Oh wow. I've never had that happen to me. I guess it's not a big deal if you ended up getting a review copy. If it happens again, I would just continue to refuse the offers. You can always add something about this to your review policy so this doesn't happen again. The author is getting free publicity for the price of a book/ebook. I think they handle that deal.
No, you're right, it's not a big deal, I still got one, I was just surprised. It struck me as a little bizarre.
I've never had that happen to me. It seems strange. I also understand books are expensive, but that is their cost for the publicity. I don't pay for books, mostly because I can't afford it. I get free books or I hit the local library.
I think you handled it perfectly. I assume it was one of those, doesn't hurt to try moments on the authors part. Glad it all worked out for you.
Never had it happen. It works the other way around. First, the sender asks you permission to send a book to you in a format that he/she can read/use. And that's if you are a reviewer, in the first place. If you agree, you state your limitations, then accept the copy, ARC, e-book, galley sheets or pages.
Review copies aren't for sale--they're gratis.
I totally second you on this! I am amazed (rather shocked!) at Danie's experience! Glad she worked it out well!
I've had messages on Twitter that basically say "Plz review my book you can buy it here [link]" which, I'm afraid, I just ignore.
I only accept Kindle-format ebooks anyway, so someone trying to persuade me to buy a hardback wouldn't get very far.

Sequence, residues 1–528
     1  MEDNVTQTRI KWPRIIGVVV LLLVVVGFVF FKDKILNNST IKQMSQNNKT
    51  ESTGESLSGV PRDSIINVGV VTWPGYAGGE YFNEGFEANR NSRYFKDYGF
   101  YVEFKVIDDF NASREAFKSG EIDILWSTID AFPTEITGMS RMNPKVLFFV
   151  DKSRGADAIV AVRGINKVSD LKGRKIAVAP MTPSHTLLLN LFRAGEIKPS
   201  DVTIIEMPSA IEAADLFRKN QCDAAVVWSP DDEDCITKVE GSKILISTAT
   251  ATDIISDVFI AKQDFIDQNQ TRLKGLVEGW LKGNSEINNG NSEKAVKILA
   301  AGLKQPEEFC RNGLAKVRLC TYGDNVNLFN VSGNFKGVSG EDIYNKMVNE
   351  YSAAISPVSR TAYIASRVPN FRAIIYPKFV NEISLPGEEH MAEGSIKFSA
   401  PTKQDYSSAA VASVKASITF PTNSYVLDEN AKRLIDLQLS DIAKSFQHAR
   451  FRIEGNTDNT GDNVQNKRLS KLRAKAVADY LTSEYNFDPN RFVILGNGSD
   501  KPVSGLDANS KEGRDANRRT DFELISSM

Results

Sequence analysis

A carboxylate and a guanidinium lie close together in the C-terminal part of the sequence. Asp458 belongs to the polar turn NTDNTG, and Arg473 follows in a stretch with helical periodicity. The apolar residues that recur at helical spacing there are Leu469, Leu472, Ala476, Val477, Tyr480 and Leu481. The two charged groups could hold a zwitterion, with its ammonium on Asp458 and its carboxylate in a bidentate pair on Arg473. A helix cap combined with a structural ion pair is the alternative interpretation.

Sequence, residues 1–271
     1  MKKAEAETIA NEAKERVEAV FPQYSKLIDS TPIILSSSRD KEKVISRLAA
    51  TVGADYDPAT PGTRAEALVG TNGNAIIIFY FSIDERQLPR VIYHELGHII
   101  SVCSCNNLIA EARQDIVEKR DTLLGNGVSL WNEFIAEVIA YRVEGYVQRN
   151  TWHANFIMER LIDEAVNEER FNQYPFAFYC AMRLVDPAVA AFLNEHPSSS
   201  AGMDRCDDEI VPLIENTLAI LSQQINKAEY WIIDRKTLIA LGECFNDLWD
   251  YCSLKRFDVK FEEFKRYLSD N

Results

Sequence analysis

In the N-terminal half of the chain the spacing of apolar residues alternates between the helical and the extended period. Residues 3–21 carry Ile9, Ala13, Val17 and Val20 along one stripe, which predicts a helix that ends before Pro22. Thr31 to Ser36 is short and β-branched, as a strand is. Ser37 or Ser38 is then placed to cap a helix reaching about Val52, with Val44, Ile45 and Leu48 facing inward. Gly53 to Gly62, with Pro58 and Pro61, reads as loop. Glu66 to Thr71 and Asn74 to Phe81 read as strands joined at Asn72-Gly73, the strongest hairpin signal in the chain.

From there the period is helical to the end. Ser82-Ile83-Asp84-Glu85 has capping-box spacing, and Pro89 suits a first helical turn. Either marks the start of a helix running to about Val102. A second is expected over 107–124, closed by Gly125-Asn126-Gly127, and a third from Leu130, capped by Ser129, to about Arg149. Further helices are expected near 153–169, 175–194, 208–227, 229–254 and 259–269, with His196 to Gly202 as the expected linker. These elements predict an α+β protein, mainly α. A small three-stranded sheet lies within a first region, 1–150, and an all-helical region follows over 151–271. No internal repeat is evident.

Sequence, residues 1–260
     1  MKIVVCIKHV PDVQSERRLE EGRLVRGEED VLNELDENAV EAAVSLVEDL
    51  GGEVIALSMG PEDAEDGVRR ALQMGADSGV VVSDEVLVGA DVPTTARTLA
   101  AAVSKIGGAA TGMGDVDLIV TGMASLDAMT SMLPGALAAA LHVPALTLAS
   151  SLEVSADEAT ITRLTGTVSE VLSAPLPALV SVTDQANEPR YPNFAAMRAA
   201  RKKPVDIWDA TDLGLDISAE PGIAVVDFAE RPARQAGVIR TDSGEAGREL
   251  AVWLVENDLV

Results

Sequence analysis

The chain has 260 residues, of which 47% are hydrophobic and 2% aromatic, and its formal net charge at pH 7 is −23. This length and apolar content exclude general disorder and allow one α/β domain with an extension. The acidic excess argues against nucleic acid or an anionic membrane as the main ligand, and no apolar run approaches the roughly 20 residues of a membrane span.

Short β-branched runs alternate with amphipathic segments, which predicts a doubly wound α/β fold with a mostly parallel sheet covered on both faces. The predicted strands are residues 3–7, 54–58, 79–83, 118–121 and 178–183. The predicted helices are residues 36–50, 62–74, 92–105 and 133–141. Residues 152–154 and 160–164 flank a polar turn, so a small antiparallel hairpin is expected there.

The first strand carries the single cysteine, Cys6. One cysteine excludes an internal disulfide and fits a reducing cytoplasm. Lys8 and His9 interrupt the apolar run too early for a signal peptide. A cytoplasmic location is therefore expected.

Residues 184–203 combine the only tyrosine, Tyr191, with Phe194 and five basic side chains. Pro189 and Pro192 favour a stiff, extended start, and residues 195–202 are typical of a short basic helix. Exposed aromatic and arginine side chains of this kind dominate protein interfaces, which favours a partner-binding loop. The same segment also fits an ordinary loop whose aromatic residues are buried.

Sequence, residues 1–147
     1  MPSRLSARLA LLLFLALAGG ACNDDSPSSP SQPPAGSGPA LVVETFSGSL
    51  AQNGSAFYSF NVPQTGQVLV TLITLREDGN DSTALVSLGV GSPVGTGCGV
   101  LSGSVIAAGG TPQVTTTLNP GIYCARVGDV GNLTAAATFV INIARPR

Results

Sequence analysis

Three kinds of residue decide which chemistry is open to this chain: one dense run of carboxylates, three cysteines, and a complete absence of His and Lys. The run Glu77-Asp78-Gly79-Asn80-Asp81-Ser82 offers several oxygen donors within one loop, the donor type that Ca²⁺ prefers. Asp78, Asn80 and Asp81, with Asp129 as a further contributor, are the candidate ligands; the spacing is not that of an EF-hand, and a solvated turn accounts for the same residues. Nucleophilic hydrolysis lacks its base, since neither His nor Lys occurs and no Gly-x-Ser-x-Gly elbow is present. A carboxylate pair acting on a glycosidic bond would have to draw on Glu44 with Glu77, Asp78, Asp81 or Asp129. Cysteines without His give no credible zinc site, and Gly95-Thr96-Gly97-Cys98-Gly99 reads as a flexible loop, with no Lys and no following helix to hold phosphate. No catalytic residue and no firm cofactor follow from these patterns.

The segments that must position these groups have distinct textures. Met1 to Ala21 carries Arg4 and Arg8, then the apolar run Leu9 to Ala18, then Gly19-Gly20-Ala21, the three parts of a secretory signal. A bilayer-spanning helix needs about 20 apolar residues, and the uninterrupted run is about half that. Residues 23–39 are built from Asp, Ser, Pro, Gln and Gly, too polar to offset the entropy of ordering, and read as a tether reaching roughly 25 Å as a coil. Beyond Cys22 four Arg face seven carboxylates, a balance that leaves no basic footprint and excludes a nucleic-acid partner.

I wonder if this was his first book?
There can be a learning curve here, although I admit that one took me aback. :)
It could be taken two ways actually. Yeah, you could acknowledge that books cost money and hardbacks in particular are expensive. But it is cheeky asking you to review the book and telling you that you should pay for it because he's asking you for a favour. If he hadn't offered you a free copy through his publishers, I would have questioned his intentions - for instance, you'd think that he could be using the ploy to sell his book and as such be then deemed as spam.
Let me share an author's perspective with you, Danie. I have a nonfiction book that is routinely reviewed by professional book reviewers (i.e., people who are paid by publications to seek out and review books). I have never had one of these reviewers ask for a complimentary copy, although I would gladly supply one. I also have a fiction title that needed some marketing, so for this book I contacted 200 book bloggers. Many told me they had too many books piled up to be reviewed or were not interested in the genre, but 120 agreed to review the book if I sent them a free copy. I purchased copies and paid to have them shipped to me. Then I paid about $6 a piece to mail them (priority mail with delivery confirmation so I knew they would receive the book). Of the 120 book bloggers I sent copies to, the ones who had requested them, the ones who had agreed to write reviews, how many actually did?
Three. Out of 120, three actually wrote reviews.
Based on that experience, how motivated would you be to go to the expense and trouble to send free books to book bloggers?
In your situation, Danie, since the author approached you, I think he should have provided you with a complimentary reveiw copy. But, based on my experience, I can also appreciate where he is coming from.